one of the giants of DC-theater Dr. Sybil Williams (Roberts) has a new play coming up at The Source, let’s support this!
Here is the excerpted info:
For full press release click here
(202) 204-7760 / firstname.lastname@example.org
Contact: Emily Morrison or Mattias Kraemer
The In Series presents
Searching for Gabriela
Searching for Gabriela, a theatrical evening about poet Gabriela Mistral – produced by the In Series, at Source, 1835 14th St. NW, Washington, DC 20009.
Friday April 16 at 8pm,
Saturday 4/17 at 8pm,
Sunday 4/18 at 3pm,
Thursday 4/22 at 7:30pm,
Friday 4/23 at 8pm
and Saturday 4/24 at 3pm.
Tickets: $31 (General Admission) $28 (Senior) $16 (Student) Box Office: 202-204-7763 or www.inseries.org.
Thursday 4/22 performance followed by Audience Discussion as part of OUT at InSeries.
Saturday 4/24 performance includes announcement of winners of the Finding Gabriela DC Youth Poetry Contest, followed by an informal gathering. Half of the proceeds for the Sunday April 18 and Friday April 23 shows will be donated to the Chilean American Foundation (CAF) to support
children affected by the February earthquake in Chile.
Washington DC (March 24, 2010) – The In Series announces Searching for Gabriela, directed by Abel Lopez with an original storyline in English by DC playwright Sybil R. Williams. The work brings to life the passionate poetry of Gabriela Mistral, Latin America’s first Nobel Prize winner (1945 for Literature) in a bilingual tapestry of words, music and movement, performed alternating English and Spanish.
“Mistral was a fierce feminist warrior of the mid 1900’s, whose poetry celebrates the spirit of women in the beauty of the land, the laughter of children, and the redemption of loss,” says writer Sybil Williams,who draws inspiration from Ursula K. Le Guin’s powerful translations of Mistral’s poetry. This 21st century look at her magnificent work is revealed in performance by Jenifer Deal, Monalisa Arias, Karen Morales, Lorena Sabogal, vocalist Cecilia Esquivel and pianists/music directors Carla Hübner and Jose Caceres.
Both legend and myth in her home country of Chile, Mistral, born in1889, began writing poetry as a child. Her celebrated poetry about children and motherhood has long been a standard part of the school curriculum throughout Latin America and her memory is honored in Chile with streets, squares and schools in her name. Although her formal education ended at age 12, she began teaching at 15 in remote rural schools, was eventually nominated to direct several liceos (including the most prestigious girls’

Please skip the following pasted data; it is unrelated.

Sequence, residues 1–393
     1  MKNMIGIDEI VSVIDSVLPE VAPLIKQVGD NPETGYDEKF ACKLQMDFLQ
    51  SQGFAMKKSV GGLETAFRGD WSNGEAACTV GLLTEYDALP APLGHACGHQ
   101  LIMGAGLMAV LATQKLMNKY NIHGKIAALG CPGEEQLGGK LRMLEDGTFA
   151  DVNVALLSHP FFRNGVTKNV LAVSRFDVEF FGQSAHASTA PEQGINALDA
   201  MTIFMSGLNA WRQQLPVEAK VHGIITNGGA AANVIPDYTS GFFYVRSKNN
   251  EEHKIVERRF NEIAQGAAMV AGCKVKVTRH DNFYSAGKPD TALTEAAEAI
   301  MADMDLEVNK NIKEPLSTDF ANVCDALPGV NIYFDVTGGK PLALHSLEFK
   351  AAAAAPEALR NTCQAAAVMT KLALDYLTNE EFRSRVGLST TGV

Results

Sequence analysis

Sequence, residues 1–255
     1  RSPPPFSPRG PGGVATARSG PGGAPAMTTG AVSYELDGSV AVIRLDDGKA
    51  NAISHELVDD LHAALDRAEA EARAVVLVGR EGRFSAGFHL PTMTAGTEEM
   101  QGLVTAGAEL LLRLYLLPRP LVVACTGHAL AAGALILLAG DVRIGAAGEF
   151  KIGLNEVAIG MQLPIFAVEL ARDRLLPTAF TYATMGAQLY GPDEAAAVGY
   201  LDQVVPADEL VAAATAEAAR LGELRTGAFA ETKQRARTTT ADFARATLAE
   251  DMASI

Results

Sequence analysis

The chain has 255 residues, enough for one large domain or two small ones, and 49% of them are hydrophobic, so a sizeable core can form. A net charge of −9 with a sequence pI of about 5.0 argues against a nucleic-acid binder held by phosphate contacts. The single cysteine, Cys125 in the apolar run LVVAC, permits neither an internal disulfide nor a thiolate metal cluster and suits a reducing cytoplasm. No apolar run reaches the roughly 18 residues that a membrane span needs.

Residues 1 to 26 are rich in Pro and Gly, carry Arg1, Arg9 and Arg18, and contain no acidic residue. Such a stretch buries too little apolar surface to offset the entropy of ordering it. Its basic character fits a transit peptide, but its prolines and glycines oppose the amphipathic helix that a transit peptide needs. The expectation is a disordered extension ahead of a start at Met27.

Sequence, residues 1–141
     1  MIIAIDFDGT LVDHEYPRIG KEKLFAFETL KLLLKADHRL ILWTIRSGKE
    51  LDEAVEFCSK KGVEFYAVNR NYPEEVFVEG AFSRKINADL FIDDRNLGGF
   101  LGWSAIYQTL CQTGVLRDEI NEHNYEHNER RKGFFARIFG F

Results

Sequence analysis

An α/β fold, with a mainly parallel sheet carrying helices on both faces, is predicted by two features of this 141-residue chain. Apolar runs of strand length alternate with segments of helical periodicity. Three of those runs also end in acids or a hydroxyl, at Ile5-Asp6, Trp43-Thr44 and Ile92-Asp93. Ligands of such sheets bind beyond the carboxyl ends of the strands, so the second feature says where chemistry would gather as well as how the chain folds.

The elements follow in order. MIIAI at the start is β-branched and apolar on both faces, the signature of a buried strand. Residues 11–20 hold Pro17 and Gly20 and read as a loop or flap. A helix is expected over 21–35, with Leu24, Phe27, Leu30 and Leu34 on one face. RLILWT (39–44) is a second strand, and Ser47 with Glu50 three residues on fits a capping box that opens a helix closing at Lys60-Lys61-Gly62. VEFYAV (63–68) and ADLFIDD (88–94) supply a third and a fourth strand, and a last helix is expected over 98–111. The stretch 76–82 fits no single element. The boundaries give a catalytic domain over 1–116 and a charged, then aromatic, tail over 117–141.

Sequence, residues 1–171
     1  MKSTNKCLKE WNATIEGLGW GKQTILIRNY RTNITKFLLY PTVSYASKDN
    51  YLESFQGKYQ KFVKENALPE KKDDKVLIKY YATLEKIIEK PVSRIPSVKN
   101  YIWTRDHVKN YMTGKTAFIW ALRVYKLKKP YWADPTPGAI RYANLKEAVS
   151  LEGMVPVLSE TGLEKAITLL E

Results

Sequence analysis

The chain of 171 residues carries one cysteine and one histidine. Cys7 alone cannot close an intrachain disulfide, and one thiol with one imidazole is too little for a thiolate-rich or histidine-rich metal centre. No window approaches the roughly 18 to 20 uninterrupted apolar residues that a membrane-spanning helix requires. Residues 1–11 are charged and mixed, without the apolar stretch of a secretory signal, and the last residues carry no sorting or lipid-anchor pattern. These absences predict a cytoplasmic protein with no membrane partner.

school in Chile) and attained international fame and recognition as an educator. Five collections of her poetry and prose were published in her lifetime, and she wrote all her life in a consistently intense and passionate voice on themes of nature, betrayal, love, sorrow and recovery, travel, and Latin American identity. She left Chile in 1926, and like many Latin American artists and intellectuals, served as a consul working in Naples, Madrid, Lisbon, Nice, Petrópolis, Los Angeles, Santa Barbara, Veracruz and New
York. She was awarded the Nobel Prize for Literature in 1945, and returned to her beloved Chile a few times, only as a much acclaimed visitor, living out her life in essence as an exile. Gabriela Mistral died in New York in 1957.
Sybil R. Williams (Writer) – is a DC based playwright and dramaturg. Her work has been professionally produced by ETA Creative Arts Theatre (Chicago), National Black Theatre (New York) and Kuntu Theatre (Pittsburgh). For the In Series, Ms Williams most recently wrote the script for the highly successful historical/musical play From U Street to the Cotton Club. Her play Dream of Ophelia was nominated for a prestigious JEFF award in 2000, and Liberating Prayer: A Lovesong For Mumia has been published in August Wilson And The Black Aesthetic.
The In Series (www.inseries.org), in its 10th Season as an independent organization, is Washington, DC’s home for distinctive performing arts programming, encompassing original, innovative approaches to
classical music, with generous helpings of theatre, poetry and dance.